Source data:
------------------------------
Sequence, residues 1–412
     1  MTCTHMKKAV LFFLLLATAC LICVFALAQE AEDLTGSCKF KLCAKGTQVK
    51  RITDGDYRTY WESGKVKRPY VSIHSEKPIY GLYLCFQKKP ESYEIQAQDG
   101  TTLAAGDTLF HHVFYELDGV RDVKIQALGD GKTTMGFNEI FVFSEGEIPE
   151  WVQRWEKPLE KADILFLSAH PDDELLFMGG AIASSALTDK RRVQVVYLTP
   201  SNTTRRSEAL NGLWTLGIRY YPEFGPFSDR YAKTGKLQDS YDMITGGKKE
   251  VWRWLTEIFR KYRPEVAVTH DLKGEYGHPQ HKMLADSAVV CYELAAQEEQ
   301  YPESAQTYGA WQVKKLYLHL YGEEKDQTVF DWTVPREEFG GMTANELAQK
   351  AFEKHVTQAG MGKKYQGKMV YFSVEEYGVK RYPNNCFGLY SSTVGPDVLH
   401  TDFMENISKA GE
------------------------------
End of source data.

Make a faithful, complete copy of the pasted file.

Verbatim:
Sequence, residues 1–412
     1  MTCTHMKKAV LFFLLLATAC LICVFALAQE AEDLTGSCKF KLCAKGTQVK
    51  RITDGDYRTY WESGKVKRPY VSIHSEKPIY GLYLCFQKKP ESYEIQAQDG
   101  TTLAAGDTLF HHVFYELDGV RDVKIQALGD GKTTMGFNEI FVFSEGEIPE
   151  WVQRWEKPLE KADILFLSAH PDDELLFMGG AIASSALTDK RRVQVVYLTP
   201  SNTTRRSEAL NGLWTLGIRY YPEFGPFSDR YAKTGKLQDS YDMITGGKKE
   251  VWRWLTEIFR KYRPEVAVTH DLKGEYGHPQ HKMLADSAVV CYELAAQEEQ
   301  YPESAQTYGA WQVKKLYLHL YGEEKDQTVF DWTVPREEFG GMTANELAQK
   351  AFEKHVTQAG MGKKYQGKMV YFSVEEYGVK RYPNNCFGLY SSTVGPDVLH
   401  TDFMENISKA GE